U.S. stock futures were drifting lower Friday with the markets uninspired by the weakness in European equities, which saw declines amid the preoccupation with Spain’s soaring borrowing costs.
Futures were falling even as technology shares held momentum in premarket trading following a handful of bottom-line beats.
Futures for the Dow Jones Industrial Average were shedding 64 points, or 70.36 points below fair value, at 12,816. Futures for the S&P 500 were behind by 8.8 points or 8.61 points below fair value, at 1363, and futures for the Nasdaq 100 were dipping 8.25 points, or 5.71 points below fair value, at 2644.
The selloff in European markets was accelerating after the government of the Spanish region of Valencia requested its own bailout following the approval by eurozone finance ministers of the bailout terms for Spain’s banks, which involves a package valued at up to €100 billion ($122 billion).
The approval of the deal didn’t calm investors’ nerves over the fate of the eurozone, with Spanish bond yields again hitting levels considered unsustainable and the 10-year remaining above 7%. Demand at a Spanish bond auction Thursday was lackluster.
The FTSE in London was slipping 0.82% and the DAX in Germany was dipping by 1.1%
“The markets still appear to be in their upward trading bands; however at the moment we’re sitting right on levels of key resistance for both the Dow and Nasdaq,” said Robert Pavlik, chief market strategist at Banyan Partners. “Last night the S&P 500 closed just above its key resistance level which was a slight positive. However it looks as though the line will be breached to the downside at the open this morning. Despite the fact that the markets appear as though they’ll open lower today, the upward sloping trend lines remain in tact.”
The major U.S. equity averages finished with mild gains Thursday up as an IBM (IBM)-led rally in technology offset a weak batch of economic data.
IBM was the standout performer on the blue-chip with a gain of nearly 4% to $195.34 after Big Blue eased past Wall Street’s expectations for its latest quarter and lifted its earnings outlook.
After the markets closed Thursday, Google (GOOG), the Internet search giant, reported second-quarter non-GAAP earnings of $3.35 billion, or $10.12 a share, on revenue excluding traffic acquisition costs of $8.36 billion. Analysts were looking for a profit of $10.04 a share on revenue of $8.41 billion. Shares were rising more than 2.5% in premarket trading.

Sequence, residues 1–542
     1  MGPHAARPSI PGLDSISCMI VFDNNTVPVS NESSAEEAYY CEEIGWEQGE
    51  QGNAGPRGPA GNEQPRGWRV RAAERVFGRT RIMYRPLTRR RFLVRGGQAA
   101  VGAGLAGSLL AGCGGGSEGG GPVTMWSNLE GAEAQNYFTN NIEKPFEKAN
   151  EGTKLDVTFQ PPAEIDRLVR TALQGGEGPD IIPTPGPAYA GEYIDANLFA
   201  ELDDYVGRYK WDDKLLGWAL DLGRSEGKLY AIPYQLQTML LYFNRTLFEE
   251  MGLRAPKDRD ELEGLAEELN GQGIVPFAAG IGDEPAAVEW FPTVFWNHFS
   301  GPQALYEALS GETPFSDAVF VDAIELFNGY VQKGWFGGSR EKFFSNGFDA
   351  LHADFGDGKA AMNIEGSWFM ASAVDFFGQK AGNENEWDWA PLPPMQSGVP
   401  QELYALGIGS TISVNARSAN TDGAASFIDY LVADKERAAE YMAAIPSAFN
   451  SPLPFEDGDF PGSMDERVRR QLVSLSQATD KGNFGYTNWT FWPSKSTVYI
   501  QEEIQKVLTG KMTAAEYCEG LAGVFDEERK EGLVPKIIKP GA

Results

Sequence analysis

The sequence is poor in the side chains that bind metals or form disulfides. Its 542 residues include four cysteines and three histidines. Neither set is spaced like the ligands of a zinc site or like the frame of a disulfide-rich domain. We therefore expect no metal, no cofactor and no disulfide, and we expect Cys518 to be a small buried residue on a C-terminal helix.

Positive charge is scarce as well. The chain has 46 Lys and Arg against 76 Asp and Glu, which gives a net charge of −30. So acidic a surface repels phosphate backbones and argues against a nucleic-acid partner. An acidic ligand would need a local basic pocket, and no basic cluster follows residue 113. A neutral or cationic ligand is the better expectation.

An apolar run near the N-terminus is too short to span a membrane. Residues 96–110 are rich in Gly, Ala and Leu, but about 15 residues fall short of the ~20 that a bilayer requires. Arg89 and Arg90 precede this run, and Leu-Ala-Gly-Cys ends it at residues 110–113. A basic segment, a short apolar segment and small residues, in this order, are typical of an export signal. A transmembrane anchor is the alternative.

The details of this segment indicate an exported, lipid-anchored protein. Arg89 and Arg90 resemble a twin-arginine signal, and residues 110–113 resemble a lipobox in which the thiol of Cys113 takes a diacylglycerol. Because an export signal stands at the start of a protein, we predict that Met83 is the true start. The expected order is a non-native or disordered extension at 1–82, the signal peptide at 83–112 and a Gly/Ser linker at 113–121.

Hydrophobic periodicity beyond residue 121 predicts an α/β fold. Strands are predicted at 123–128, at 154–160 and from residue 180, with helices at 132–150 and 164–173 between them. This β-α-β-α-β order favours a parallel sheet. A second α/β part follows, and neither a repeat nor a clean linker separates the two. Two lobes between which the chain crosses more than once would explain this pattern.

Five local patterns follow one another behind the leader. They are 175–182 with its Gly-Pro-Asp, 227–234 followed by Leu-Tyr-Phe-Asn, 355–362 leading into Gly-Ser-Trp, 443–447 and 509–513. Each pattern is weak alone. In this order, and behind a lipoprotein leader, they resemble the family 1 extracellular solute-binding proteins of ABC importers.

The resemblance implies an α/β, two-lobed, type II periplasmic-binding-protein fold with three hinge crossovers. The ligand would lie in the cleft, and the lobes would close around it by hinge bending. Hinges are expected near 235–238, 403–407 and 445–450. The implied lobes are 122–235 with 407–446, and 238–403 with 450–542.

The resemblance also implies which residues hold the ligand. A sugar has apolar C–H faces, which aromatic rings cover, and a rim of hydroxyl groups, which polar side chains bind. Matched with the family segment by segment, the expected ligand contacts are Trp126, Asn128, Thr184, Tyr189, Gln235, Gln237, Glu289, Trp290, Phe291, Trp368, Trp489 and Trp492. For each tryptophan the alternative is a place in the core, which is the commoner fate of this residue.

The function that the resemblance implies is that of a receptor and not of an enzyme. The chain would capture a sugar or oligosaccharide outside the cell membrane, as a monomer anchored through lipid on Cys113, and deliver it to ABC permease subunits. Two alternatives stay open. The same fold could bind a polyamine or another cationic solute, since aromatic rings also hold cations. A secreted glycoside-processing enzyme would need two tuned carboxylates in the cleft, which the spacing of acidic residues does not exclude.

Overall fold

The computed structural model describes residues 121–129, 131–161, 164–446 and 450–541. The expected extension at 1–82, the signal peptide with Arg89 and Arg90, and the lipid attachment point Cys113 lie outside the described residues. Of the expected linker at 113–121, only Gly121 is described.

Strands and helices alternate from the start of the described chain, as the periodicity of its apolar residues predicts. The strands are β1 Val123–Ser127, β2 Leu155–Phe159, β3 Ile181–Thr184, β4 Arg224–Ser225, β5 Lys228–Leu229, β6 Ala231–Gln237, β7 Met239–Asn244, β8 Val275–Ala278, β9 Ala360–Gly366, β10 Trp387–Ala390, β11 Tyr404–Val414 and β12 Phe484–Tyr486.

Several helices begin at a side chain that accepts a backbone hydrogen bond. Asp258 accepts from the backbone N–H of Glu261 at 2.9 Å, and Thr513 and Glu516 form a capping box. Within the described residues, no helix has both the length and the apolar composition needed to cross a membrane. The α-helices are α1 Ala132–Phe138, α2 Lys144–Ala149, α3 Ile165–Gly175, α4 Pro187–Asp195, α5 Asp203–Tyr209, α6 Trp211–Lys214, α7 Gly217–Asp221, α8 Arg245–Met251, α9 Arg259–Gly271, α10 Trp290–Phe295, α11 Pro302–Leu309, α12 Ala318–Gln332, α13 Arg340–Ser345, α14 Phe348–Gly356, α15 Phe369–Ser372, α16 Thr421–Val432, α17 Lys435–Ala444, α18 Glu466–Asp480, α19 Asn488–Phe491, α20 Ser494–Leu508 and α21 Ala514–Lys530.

Microsoft (MSFT) posted Thursday a non-GAAP quarterly profit of $6.93 billion, or 73 cents a share, for its fiscal fourth quarter on revenue of $18.06 billion. Analysts were looking for earnings of 62 cents a share on revenue of $18.13 billion.
Microsoft saw strong growth in its server and tools business in the quarter.
Shares were up 1.81%.
SanDisk (SNDK), the flash memory specialist, on Thursday reported non-GAAP earnings of $51 million, or 21 cents a share, for the second quarter on revenue totaling $1.03 billion.
The performance topped the average estimate of analysts for a profit of 18 cents a share on revenue of $1.02 billion.
Shares were surging more than 12.5%.
General Electric (GE) on Friday reported second-quarter operating earnings of $4 billion, or 38 cents a share, beating the consensus estimate of a 37-cent profit.
GE’s second-quarter revenue totaled $36.5 billion, missing the consensus estimate of $36.8 billion.
Shares were down 0.3% in premarket trading.
September crude oil futures were declining by $1.30 at $91.67 a barrel. August gold futures were unchanged at $1,580.40 an ounce.
The benchmark 10-year Treasury was rising 7/32, pushing the yield down to 1.486%, while the greenback was inching higher by 0.3%, according to the dollar index.
There are no scheduled U.S. economic releases Friday.